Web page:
Hampstead Heath walk offers tips on using herbs and home remedies

Handmade Apothecary, Medical Herbalists Victoria Chown & Kim Walker love to reconnect people with th

Handmade Apothecary, Medical Herbalists Victoria Chown & Kim Walker love to reconnect people with the traditional folklore, edible and medicinal uses of the wild plants around us. They provide walks, workshops and bespoke health and beauty consultations all over London. - Credit: Nigel Sutton

Many and varied are the enticements to visit Grow London Contemporary Garden Fair but Hampstead Heath itself is part of the attraction offered by Kim Walker and Vicky Chown, the herbalists of Handmade Apothecary.

As well as running a make-your-own home remedies and cosmetics workshop in the marquee at the Heath’s lower fairground site, they will be leading an educational Herbal Heath Walk across Prior’s Field.

I met with them to get an idea of what visitors can expect. It was a fine early June morning so nothing could have been better than to set out among the long grasses and buttercups, pausing to consider the virtues of meadowsweet or plantain, elderflower or lime blossom, clover or nettle.

Whether stepping out on Friday (June 19) will be equally fine remains to be seen, but even in rain it would still be an interesting way to approach a stretch of grass most people probably walk over without thinking twice about what lies at their feet.

Vicky and Kim say that Hampstead Heath has become richer in plants interesting to herbalists since the policy of less frequent mowing came in.

The patch of meadowsweet at which we stopped might previously have been mown before it could go to flower, thus precluding the flowering tops being made into “a good digestive tea” or used as an anti-inflammatory. (Not that we should be picking anything – the Heath authorities are clear that the walk should not be an invitation to forage.)

Elderflower was full out and scenting the air as we walked, while the lime blossom had yet to open. We stopped to taste some elderflower cordial that these well organized apothecaries had made and brought along, and talked of the stress relieving properties of lime blossom tea.

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As an aside, Kim explained the design of the tisane cups you can buy in countries like Switzerland where people drink a lot of herbal teas. These cups have a lid as well as a fitted strainer, which is not just to keep the tea warm, but to stop some of the virtue of the tea from evaporating.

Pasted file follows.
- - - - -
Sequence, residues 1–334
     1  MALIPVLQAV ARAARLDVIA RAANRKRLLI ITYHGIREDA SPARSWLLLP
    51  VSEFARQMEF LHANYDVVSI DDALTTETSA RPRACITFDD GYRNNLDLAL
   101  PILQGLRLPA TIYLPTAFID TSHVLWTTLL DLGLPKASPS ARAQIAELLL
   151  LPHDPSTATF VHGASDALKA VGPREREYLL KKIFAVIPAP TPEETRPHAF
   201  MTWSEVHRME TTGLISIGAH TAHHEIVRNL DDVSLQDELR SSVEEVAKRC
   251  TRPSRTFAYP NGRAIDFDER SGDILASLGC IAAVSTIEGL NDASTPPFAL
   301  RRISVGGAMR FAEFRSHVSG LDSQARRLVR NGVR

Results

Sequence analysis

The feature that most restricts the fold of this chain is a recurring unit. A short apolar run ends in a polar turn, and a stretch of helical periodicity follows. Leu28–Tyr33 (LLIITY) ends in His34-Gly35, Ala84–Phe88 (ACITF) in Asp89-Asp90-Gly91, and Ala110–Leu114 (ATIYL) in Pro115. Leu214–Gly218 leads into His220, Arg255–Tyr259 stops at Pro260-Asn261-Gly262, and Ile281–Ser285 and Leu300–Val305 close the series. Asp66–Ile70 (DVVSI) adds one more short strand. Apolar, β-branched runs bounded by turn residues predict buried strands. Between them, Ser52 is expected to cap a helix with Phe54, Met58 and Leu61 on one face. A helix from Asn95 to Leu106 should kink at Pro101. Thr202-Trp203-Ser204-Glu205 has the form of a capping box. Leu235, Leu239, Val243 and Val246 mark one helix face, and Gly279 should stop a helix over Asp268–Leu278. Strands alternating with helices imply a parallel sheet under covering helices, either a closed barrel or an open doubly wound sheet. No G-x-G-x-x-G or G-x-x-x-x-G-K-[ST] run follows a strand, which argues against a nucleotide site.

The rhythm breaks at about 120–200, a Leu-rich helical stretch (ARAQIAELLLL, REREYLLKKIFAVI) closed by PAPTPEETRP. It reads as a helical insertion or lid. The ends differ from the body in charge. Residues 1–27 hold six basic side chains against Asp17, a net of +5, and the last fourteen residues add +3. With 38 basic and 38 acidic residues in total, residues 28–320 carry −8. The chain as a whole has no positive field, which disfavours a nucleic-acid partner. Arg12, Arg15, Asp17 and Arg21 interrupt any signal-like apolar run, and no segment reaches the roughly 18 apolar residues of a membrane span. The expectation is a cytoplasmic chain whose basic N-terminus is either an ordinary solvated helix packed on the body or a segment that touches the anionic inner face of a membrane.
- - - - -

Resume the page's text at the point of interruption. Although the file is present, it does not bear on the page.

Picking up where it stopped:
As well as the elderflower cordial (against hay fever) Kim and Vicky had also brought plantain chips – not the yellow ones made from the banana shaped plantain, but green ones made from the leaves of the plantain we think of as a lawn weed, Plantago lanceolata. Paper thin and crisp, they tasted somewhat of seaweed.

The plantain we found on the Heath that day had bigger leaves and was, said Vicky, probably Plantago major.

If the term herbalist brings any image to mind, I doubt it would be of a young woman. But both Vicky and Kim are thrilled by botany and herbalism and, clearly, very knowledgeable.

I asked how they had arrived at their current occupation. the answer was, from very different childhood experiences. They met at Westminster University where they were studying herbal medicine, having both at different times worked for Neal’s Yard.

Vicky says she was brought up on microwave meals in Palmers Green in a family with no great interest in plants, but that she came to them via a fascination with magic.

Kim, meanwhile, grew up in Argyll, where her grandmother had a smallholding and made herbal remedies.

Now they share a love of herbalism’s blend of science, folklore and history, they also share a canal boat, and botanize along the tow paths. This boat, currently in need of restoration, they hope to rename The Floating Apothecary.

Meanwhile, on dry land, they will be well worth visiting at the fair.

Check growlondon.com to see when this weekend’s free Handmade Apothecary events will take place.